VE Day 8.5.20
The May Bank Holiday has only been moved once before, when it was shifted from 1 May to 8 May 1995, to mark the 50th anniversary of VE Day.
This year it has been moved again to coincide with the 75th anniversary of VE Day.
However, because of the coronavirus pandemic, the planned events will not take place; but may be moved to 15–16 August, when we celebrate VJ Day, that commemorates the surrender of Imperial Japan during World War II.
Apart from street parties and pubs staying open until 11pm, there was to have been a display by the Red Arrows and a Battle of Britain memorial flight over Buckingham Palace; with Winston Churchill’s speech broadcasted all over the country at 3pm.
Tuesday 8 May 1945 was ‘Victory in Europe’ (VE) Day, and it marked the formal end of Hitler’s war, who had committed suicide on 30 April 1945.
With it came the end of six years of misery, suffering, courage and endurance across the world.
The final document of unconditional surrender was signed at General Dwight Eisenhower’s headquarters in Reims on 7 May. Prime Minister Winston Churchill and King George VI wanted Monday 7 May to be VE Day, but in the event, bowing to American wishes, victory was celebrated on 8 May. The USSR waited an extra day before beginning their formal celebrations.
Upon first entering the House of Commons as the Prime Minister, Churchill gave a speech rallying the country to war against Nazi Germany. Delivered on May 13, 1940, the speech was a call-to-arms aimed at uniting the British public against the threat of the Nazis Germany.
In the final part of his speech Churchill said, “You ask, what is our aim? I can answer in one word: victory; victory at all costs, victory in spite of all terror, victory, however long and hard the road may be; for without victory, there is no survival.”
In much of Britain, VE Day was marked by street parties. The people of Britain badly needed to let their hair down. The country was war-weary by May 1945. There had been years of austerity and rationing: five inches of water to a bath, few eggs, no bananas and the motto ‘make do and mend’.
Half a million homes had been destroyed, and many millions of lives disrupted. Although the casualty lists from the battlefields were lower than in World War I, they were still terrible. When in 1944 the primitive V1 ‘doodlebug’ missiles and V2 ballistic missiles began to rain down on South-East England, the morale of civilians who had already endured the Blitz of 1940–1 took a knock.
People were already on the streets celebrating on 7 May, and huge crowds gathered in London on the following day. At 3.00pm Churchill made a radio broadcast. In Trafalgar Square, an eye-witness noted, ‘…there was an extraordinary hush over the assembled multitude’, as Churchill’s voice was relayed over loudspeakers.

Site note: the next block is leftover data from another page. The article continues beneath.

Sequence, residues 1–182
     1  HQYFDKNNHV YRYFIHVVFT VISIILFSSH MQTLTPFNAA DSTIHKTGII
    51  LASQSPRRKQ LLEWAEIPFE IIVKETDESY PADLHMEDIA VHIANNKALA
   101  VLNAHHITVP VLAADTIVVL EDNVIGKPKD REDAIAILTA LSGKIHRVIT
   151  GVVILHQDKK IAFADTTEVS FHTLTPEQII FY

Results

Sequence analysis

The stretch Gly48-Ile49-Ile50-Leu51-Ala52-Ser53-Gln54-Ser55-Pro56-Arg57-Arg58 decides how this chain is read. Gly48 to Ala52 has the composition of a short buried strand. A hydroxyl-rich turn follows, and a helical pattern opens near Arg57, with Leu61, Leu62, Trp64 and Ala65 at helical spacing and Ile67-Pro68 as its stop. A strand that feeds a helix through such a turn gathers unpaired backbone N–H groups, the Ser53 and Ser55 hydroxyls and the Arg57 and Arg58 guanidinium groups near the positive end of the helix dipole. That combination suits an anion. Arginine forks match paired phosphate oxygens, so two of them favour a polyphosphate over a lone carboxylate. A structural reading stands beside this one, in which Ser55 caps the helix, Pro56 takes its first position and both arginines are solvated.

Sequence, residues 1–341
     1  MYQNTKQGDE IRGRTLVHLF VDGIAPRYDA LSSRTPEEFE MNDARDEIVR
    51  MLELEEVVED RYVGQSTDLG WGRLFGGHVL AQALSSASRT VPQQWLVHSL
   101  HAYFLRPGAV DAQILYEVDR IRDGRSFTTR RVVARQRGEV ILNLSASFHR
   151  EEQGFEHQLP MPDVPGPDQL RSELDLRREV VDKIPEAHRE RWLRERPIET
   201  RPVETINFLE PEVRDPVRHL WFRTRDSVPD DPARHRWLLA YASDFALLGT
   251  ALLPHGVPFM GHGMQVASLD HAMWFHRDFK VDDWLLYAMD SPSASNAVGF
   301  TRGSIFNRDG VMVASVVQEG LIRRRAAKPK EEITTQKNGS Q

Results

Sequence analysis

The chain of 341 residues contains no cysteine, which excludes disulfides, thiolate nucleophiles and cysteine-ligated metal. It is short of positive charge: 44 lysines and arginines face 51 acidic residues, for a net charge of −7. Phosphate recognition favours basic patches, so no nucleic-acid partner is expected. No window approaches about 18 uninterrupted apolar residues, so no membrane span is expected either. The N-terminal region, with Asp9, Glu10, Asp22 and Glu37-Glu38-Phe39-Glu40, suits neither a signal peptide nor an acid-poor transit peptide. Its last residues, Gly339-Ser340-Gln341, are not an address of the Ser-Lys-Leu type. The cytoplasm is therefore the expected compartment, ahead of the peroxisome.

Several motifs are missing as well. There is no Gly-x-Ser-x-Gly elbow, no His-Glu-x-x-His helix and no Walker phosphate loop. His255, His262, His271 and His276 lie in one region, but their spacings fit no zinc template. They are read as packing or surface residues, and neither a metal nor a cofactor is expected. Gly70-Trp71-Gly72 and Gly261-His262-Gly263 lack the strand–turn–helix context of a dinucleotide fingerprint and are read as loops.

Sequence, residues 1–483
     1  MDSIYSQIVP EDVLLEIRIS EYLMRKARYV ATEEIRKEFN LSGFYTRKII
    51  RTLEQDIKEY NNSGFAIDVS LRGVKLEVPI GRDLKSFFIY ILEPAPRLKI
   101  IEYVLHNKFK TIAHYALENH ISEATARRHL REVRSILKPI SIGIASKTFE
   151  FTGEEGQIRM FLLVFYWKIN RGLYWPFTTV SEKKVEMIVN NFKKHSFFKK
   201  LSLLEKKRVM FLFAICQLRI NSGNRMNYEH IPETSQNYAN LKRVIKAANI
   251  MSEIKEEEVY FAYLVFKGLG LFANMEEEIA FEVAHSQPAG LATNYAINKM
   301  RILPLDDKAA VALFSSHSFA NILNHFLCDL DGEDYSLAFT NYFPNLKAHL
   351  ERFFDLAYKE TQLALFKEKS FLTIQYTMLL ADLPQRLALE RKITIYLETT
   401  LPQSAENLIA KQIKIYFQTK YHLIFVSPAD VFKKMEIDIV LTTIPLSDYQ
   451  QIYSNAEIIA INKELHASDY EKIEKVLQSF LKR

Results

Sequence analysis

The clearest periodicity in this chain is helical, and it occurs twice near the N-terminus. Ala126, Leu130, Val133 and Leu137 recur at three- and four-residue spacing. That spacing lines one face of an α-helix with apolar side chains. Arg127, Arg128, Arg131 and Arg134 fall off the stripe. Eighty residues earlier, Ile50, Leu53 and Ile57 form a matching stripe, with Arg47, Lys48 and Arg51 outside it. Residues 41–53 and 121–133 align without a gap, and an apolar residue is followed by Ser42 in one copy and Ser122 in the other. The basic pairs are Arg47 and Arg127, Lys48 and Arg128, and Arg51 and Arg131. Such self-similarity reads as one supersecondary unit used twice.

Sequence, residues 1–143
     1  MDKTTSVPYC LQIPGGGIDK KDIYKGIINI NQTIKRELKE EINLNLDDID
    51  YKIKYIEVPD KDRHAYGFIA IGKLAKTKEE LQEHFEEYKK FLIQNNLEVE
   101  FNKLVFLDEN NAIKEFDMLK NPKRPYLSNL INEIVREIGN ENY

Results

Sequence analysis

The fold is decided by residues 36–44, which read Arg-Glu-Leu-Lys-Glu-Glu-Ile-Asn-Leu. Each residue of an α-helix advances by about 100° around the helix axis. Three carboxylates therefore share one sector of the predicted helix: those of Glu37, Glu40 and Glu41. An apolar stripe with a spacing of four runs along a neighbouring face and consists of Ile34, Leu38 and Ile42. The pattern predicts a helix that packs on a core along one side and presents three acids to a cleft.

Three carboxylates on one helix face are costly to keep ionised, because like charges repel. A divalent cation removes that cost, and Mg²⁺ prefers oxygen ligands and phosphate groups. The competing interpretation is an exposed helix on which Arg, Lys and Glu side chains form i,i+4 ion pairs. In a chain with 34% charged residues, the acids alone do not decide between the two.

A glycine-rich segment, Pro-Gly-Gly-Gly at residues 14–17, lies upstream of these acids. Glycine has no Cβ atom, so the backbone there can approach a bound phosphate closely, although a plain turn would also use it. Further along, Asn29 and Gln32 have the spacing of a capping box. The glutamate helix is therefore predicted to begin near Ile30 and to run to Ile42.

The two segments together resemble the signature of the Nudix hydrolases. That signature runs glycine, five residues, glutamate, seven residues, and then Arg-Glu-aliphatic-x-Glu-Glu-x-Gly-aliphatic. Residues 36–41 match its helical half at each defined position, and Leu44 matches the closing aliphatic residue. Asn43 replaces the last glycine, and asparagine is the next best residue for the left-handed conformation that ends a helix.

King George VI and Queen Elizabeth appeared eight times on the balcony of Buckingham Palace, while the two princesses — Margaret and Elizabeth (our present Queen) — mingled with the crowds. Churchill gave an impromptu speech on the balcony of the Ministry of Health, telling the crowds, ‘This is your victory.’
There is a well-known passage, which is often quoted at funerals, taken from the apostle Paul’s letter to the church at Corinth, which says,
“Listen, I tell you a mystery: We will not all sleep, but we will all be changed — in a flash, in the twinkling of an eye, at the last trumpet.
For the trumpet will sound, the dead will be raised imperishable, and we will be changed.
For the perishable must clothe itself with the imperishable, and the mortal with immortality.
When the perishable has been clothed with the imperishable, and the mortal with immortality, then the saying that is written will come true: “Death has been swallowed up in victory.
Where, O death, is your victory?
Where, O death, is your sting?
The sting of death is sin, and the power of sin is the law.
But thanks be to God!
He gives us the victory through our Lord Jesus Christ”.
[1 Cor 15v54–56]
On an historical note, Harry S Truman followed after President Roosevelt. In fact Roosevelt had died in April 1945 and didn’t see the total victory, which he had striven so hard for.
I came across this insightful quote by Harry S Truman, “In reading the lives of great men, I found that the first victory they won was over themselves. Self discipline with all of them came first”.
So the Thought for Today is although there have been victories in wars and conflicts, we too can know victory as we allow God into our life.